The top alcohol brands consumed by underage drinkers are the same ones most heavily advertised in magazines read by those under age 21, a new study finds. The researchers say their findings suggest alcohol ads can encourage young people to drink, HealthDay reports.
The study also indicates the alcohol industry’s voluntary advertising standards are insufficient, the researchers add. “All of the ads in our study were in complete compliance with the industry’s self-regulatory guidelines,” lead researcher Craig Ross, of Virtual Media Resources in Natick, Massachusetts, said in a journal news release.
The guidelines suggest that alcohol ads should be restricted to magazines with less than 30 percent of readers who are younger than 21. Ross called for stricter standards, including limiting ads to magazines where fewer than 15 percent of readers are under 21.
Full story of underage alcohol branding advertised in magazines at drugfree.org
Southern Methodist University (SMU) in Dallas is among the schools that will start to sell beer and wine at football games this fall, in an effort to increase revenue, according to USA Today.
The school sold beer during basketball season this past year, netting six figures over the course of 12 games, the article notes.
With school athletic departments looking at multimillion-dollar obligations in new player benefits, more schools may look at alcohol sales as a way of increasing revenue. “It seems like it’s going that way, and I think you’ll see more doing it,” said Virginia Tech Athletics Director Whit Babcock. “But it’s a cultural issue at a place of higher education where there’s a tradition (of not selling it). I don’t know that it will be one of the top things on my agenda. But as more people do it … I’ll definitely be watching.”
Full story of college beer sells at stadiums at drugfree.org
At least 22 teenagers attending an electronic dance music show in Boston were sent to the hospital on Wednesday. Many of them were suffering from a combination of alcohol and heat, ABC News reports.
Dozens more concertgoers were treated onsite. Signs of Molly and other illicit drugs were apparent, the article notes.
Organizers of summer music festivals are increasing drug screening, after four people died at festivals last year. The deaths were linked to Molly. Concertgoers should expect sniffer dogs, pat-downs and other drug screening measures. Music festivals will provide medical tents with doctors, nurses and emergency medical technicians.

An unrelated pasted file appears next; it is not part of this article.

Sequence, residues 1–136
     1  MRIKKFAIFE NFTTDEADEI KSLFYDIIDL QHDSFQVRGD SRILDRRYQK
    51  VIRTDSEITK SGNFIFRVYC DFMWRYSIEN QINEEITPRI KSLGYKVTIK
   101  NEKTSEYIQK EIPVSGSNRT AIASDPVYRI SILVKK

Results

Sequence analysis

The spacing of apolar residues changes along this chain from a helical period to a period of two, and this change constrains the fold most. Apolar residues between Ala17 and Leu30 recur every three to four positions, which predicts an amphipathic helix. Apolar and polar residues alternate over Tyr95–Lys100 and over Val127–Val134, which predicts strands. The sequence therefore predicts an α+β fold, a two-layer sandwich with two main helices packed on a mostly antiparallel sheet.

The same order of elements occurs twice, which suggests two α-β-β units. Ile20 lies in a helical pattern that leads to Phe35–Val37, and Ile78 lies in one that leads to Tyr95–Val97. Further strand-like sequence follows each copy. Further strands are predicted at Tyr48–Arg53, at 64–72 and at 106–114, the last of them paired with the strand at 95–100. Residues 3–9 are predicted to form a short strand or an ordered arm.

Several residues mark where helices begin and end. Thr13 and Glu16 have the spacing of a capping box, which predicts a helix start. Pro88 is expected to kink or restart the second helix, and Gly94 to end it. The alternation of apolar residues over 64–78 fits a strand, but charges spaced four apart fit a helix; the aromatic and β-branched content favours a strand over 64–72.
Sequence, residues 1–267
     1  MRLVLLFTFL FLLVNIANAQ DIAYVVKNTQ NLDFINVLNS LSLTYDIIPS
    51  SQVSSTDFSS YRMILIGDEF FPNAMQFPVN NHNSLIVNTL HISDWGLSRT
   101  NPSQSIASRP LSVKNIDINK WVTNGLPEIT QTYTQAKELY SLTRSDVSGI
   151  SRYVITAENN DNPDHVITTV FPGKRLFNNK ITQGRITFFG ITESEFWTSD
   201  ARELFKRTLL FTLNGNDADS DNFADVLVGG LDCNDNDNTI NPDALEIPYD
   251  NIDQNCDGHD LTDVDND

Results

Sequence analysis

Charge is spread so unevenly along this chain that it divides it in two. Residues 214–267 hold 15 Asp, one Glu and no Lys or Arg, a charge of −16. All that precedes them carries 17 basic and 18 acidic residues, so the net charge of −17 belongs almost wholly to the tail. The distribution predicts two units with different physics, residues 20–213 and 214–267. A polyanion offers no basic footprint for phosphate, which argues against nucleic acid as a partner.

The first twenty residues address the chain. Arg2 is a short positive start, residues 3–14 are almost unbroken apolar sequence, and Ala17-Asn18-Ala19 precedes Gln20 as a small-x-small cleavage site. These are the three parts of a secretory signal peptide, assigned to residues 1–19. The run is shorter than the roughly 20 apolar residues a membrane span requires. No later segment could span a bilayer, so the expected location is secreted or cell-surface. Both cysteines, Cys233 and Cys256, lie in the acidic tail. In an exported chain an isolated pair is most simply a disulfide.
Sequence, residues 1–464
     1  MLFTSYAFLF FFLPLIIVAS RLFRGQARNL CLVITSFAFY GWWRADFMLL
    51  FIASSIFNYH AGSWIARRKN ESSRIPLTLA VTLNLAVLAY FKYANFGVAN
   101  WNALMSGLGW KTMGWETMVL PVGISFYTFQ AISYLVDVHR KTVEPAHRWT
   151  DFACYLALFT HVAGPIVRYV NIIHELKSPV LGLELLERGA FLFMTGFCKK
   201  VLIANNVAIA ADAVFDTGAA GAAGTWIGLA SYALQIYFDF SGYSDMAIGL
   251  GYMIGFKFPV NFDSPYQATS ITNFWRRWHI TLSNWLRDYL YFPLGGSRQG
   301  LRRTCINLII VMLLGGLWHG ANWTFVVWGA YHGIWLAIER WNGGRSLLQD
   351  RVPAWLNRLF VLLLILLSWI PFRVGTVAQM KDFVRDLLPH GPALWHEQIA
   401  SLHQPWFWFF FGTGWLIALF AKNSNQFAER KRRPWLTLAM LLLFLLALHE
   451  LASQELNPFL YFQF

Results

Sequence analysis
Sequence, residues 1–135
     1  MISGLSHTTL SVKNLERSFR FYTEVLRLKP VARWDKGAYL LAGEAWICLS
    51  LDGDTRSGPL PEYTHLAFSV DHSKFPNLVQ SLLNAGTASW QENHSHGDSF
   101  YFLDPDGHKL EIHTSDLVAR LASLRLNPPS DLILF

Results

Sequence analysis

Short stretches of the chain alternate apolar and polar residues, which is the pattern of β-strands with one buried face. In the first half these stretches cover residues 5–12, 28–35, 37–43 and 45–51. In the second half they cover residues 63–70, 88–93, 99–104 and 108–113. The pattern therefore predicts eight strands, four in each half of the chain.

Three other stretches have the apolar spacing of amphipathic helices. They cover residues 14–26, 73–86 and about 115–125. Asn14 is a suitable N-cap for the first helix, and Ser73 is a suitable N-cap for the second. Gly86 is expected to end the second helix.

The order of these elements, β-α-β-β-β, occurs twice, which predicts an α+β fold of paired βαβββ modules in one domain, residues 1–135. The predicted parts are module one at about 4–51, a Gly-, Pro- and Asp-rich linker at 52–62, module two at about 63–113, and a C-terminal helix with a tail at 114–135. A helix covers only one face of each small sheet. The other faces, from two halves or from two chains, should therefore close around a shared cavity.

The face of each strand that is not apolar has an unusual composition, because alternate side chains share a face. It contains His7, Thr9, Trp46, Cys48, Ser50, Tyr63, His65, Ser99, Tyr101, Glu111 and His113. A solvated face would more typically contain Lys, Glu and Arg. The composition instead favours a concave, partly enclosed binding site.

Full story of heat and alcohol at drugfree.org
Colleges are increasing the number of disciplinary actions against students for alcohol and drug offenses, according to The New York Times. The change reflects an increase in enforcement, not a rise in the number of offenses, experts say.
The U.S. Education and Justice Departments found in 2011, colleges started disciplinary proceedings for drug or alcohol offenses against 162 out of every 10,000 students, up from 132 per 10,000 students in 2001. This did not include students who were arrested, the article notes.
Full story of college punishment for drugs and alcohol at drugfree.org
A new study finds teenagers who use marijuana and alcohol together are more likely to engage in unsafe driving, compared with those who use one of those substances alone.
“Simultaneous use makes a big difference in your risk for unsafe driving,” said lead researcher Yvonne Terry-McElrath of the University of Michigan’s Institute for Social Research. “There’s a very clear increase in risk for this group of kids, and for the rest of us on the roads.”
Teens who used alcohol alone were 40 percent more likely to admit they had gotten a traffic ticket and 24 percent more likely to admit involvement in a traffic crash, compared with teens who didn’t smoke marijuana or drink. Teens who smoked marijuana and drank were 90 percent more likely to get a ticket and 50 percent more likely to be in a car crash, compared with their peers who didn’t use either substance.
Full story of teen drivers and dangerous substances at drugfree.org